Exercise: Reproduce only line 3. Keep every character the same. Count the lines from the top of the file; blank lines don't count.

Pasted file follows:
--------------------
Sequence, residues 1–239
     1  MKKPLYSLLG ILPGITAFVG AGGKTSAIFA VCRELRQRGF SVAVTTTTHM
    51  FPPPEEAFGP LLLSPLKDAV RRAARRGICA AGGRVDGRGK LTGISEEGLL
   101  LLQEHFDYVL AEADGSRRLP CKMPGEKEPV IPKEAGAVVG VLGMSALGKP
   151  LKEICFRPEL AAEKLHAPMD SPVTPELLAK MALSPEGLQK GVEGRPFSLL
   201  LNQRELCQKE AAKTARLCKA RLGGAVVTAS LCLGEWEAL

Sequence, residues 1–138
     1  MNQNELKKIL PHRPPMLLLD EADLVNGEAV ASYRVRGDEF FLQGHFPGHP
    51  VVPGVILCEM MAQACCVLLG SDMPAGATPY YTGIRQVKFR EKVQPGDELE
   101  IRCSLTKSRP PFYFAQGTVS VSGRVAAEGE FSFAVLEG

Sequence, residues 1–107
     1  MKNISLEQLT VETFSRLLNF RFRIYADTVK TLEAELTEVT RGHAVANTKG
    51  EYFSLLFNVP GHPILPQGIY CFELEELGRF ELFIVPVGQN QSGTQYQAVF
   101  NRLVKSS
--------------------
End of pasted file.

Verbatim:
    51  FPPPEEAFGP LLLSPLKDAV RRAARRGICA AGGRVDGRGK LTGISEEGLL